Sunday, 15 November 2015

Crown granted Abu Talb immunity from prosecution

[What follows is the report by Glasgow University’s Lockerbie Trial Briefing Unit on proceedings at Camp Zeist on this date in 2000. It can be accessed here:]

Lord Sutherland today confirmed that Abu Talb had been granted immunity from prosecution in relation to the Lockerbie disaster. He said that this immunity did not mean that Talb did not require to answer questions put to him in court or that he could not be prosecuted from contempt of court if he continued to refuse to answer questions. [RB: Abu Talb must have been granted special immunity by the Lord Advocate. He was not called by the Crown as an accomplice of Megrahi and Fhimah, and so did not benefit from the general immunity accorded to prosecution witnesses called as socii criminis.]

Yesterday Richard Keen's cross-examination of Talb had to be suspended when he refused to answer questions. The Judges had to consider whether they could compel Talb to answer questions. They concluded yes.  Alistair Campbell told the court that the Judges had no effective sanction against Talb as he required to be returned to Sweden on the 18 November.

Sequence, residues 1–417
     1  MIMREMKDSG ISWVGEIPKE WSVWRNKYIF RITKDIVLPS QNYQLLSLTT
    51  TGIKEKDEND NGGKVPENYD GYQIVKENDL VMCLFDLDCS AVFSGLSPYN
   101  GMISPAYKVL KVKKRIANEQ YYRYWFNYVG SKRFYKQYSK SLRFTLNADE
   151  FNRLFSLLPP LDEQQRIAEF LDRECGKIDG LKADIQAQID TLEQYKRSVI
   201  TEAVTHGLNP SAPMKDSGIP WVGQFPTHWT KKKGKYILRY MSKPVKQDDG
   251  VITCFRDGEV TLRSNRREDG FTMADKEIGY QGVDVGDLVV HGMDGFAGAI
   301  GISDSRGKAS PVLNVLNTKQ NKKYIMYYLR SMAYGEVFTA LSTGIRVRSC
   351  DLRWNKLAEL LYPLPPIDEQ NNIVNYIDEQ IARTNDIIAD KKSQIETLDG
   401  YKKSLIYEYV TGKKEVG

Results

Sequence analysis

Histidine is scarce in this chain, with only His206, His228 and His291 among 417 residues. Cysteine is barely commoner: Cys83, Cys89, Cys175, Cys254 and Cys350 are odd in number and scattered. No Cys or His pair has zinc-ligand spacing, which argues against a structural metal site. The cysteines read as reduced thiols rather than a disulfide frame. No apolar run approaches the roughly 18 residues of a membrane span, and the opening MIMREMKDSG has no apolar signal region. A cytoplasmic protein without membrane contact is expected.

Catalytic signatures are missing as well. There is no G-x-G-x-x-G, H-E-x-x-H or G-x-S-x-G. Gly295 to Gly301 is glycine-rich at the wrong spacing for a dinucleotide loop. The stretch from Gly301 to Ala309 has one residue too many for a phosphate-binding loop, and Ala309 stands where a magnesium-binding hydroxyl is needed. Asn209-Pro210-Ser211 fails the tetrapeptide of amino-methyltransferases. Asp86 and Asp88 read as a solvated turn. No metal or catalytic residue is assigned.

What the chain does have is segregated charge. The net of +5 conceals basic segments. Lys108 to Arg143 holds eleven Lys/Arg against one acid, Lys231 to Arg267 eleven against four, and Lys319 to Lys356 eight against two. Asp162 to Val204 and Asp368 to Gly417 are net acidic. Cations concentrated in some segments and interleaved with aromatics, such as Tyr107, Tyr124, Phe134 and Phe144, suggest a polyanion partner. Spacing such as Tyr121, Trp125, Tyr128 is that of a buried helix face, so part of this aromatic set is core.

The cross examination by Keen continued with Talb eventually confirming that he was 'not innocent' in respect of the 1985 bombing in Copenhagen for which he is currently serving a life sentence. Talb continued to maintain his innocence in respect of the Lockerbie disaster. He denied sending his brother in Spring 1985 from Sweden to Syria, to learn to make bombs and said that he did not remember his brother returning in June 1985 with $5,000 and instructions that Talb was to bomb US and Jewish targets. He denied that his brother had smuggled 4 detonators in the handle of his case.

Talb had told the court that he had ceased association with the Popular Palestinian Struggle Front (PPSF) when he moved to Sweden in 1983. Talb said that no one had instructed him to carry out the Copenhagen bombing but Keen suggested he was merely unwilling to tell the Court who was implicated or responsible for the terrorist acts he was involved in. Talb answered "yes, because I did not know the person."

Talb denied returning to Malta in November 1988 and sending a radio cassette to a Post Office Box in Malta. The witness, who is named in the special defence of incrimination lodged by the two accused, will now be returned to the Swedish jail where he is serving a life sentence for murder.

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